For Letterman, teaming up with fellow monster movie lover Vernon had great promise: “Conrad's really great, a talented director and storyboard artist and a voice talent as well…I mean, he's the voice of the Gingerbread Man [from the 'Shrek' movies]. It was a great advantage, because he could do all of the actors' voices–he impersonates every single person in the cast. So while we were developing the story, we could build the movie while we were waiting for our chance with the actors. That was just one wonderful side benefit. We really bounce off each other well.”
Vernon was also more than comfortable with sharing the “Monsters vs. Aliens” director's chair: “From the beginning, we didn't try to delineate jobs, but rather to create a back-and-forth way of working. We were in constant contact, pitching ideas about scenes and characters to each other. Our goal all along was to create a cohesive and entertaining film, and we did that by keeping each other in the loop. That assured that we both stayed on the same page about every aspect of the film, and we weren't off separately making two very different projects. Always being clear about what film we were making–that kept it on track.”
Meanwhile, a world away (well, in the alternate universe of the live-action world, anyway), a producer was being recruited to join the MvA-ers. Lisa Stewart–who has worked on such titles as “Almost Famous” and “Jerry Maguire”–took a meeting, and her life took an unexpected turn…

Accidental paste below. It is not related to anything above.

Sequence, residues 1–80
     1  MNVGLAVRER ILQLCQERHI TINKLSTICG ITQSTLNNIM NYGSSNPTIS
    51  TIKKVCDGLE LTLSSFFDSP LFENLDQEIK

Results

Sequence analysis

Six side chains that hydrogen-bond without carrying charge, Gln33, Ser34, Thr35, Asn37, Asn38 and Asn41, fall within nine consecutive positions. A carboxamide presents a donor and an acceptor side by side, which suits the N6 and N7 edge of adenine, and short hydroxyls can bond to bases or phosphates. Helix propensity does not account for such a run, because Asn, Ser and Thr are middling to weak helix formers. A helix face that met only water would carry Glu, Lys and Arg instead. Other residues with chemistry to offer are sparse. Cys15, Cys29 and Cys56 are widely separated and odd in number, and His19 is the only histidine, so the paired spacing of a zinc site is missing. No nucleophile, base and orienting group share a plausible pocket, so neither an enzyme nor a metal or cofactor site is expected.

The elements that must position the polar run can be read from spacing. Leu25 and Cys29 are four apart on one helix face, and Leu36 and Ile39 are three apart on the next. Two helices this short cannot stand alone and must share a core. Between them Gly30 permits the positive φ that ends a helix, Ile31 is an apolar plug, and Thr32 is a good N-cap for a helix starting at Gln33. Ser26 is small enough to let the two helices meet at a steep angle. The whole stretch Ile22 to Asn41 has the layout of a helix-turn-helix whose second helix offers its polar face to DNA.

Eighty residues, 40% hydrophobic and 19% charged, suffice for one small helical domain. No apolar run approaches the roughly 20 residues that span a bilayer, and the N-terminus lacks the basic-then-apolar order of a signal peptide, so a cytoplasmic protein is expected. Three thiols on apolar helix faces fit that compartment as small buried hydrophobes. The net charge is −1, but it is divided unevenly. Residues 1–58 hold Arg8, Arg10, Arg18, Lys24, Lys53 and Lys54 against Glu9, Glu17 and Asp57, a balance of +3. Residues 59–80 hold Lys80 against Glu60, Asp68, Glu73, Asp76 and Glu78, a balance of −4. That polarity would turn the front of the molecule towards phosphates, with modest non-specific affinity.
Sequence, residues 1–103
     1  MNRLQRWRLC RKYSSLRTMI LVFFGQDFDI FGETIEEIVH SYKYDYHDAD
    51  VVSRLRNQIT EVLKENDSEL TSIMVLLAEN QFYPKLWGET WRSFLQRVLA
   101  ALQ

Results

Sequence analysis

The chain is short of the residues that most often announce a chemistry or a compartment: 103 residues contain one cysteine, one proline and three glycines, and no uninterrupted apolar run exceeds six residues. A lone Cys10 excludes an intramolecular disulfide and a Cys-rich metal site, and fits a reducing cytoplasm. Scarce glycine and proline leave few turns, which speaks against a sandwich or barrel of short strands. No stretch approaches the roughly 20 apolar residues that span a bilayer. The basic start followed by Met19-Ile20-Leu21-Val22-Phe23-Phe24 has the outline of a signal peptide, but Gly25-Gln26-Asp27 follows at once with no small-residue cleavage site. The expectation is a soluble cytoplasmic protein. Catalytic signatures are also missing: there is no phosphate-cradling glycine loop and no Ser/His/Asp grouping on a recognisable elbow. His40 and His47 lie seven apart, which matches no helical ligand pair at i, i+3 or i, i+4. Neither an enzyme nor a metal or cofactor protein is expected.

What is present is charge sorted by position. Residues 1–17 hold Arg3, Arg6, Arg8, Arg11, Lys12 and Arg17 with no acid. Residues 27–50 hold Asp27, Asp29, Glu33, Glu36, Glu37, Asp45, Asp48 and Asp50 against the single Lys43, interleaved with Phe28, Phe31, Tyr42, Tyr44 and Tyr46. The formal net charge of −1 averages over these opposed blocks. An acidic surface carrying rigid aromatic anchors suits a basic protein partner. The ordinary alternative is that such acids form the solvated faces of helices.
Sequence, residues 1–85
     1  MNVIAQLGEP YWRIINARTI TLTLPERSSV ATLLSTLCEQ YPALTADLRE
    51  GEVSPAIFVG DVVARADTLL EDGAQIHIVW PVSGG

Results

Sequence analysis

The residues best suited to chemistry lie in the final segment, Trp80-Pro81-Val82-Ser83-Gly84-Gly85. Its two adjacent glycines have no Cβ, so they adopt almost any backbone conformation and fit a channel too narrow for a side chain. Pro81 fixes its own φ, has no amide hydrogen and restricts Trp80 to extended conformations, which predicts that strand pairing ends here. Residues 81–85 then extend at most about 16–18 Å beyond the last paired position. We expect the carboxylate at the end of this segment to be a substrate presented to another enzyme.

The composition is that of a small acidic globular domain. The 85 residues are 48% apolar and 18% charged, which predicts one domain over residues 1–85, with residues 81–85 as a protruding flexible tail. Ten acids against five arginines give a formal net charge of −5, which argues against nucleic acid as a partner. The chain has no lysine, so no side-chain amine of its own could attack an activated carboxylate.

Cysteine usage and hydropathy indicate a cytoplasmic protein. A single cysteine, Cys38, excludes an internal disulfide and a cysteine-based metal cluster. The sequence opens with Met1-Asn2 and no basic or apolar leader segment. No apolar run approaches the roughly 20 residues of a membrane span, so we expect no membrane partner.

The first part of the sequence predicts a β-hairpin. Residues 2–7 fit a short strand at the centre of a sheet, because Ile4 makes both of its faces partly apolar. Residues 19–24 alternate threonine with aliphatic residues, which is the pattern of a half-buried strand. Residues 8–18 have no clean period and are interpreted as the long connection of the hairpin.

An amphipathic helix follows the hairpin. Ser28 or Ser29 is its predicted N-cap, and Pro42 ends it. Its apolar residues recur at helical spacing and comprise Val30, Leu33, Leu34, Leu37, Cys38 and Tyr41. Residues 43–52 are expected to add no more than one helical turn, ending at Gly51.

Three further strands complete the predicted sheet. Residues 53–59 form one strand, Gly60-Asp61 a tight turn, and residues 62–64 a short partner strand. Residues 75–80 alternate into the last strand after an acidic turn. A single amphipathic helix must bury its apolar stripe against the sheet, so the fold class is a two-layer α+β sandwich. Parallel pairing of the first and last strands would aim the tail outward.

“When Jeffrey Katzenberg calls, you take the meeting,” recalls Stewart. A talented and successful live-action film producer, Stewart had just wrapped production on a film and was looking forward to a break when she got the call to meet with Katzenberg and tour the studio's Glendale animation campus.
It was on that tour that Stewart's fate was sealed. “I saw this really great iconic image of Susan,” explains Stewart. “She was sitting on the roof of a gas station. Her fiance has just dumped her; she's taking stock of her life. It was such an evocative image. I thought to myself, 'This is a woman I want to know, I want to tell her story, I want to be a part of that world!'” The matter that she had never worked in animation did not intimidate Stewart in the least: “Great storytelling is great storytelling, and I had to see Susan's story through.”
The fact that Susan's story arc appealed to Stewart comes as no surprise. Throughout her career, the producer has a track record of bringing to the screen strong female characters, and the casting of Reese Witherspoon cinched the deal. “I've known Reese for a number of years as a friend and, when I found out she had been cast as Susan, I thought it would finally be a great opportunity to work with her.” Two co-producers also joined the gathering bunch, Jill Hopper Desmarchelier and Latifa Ouaou. Together, the pair can boast of more than 25 years of production experience at DreamWorks Animation, and that experience was put to good use by Stewart and the directors.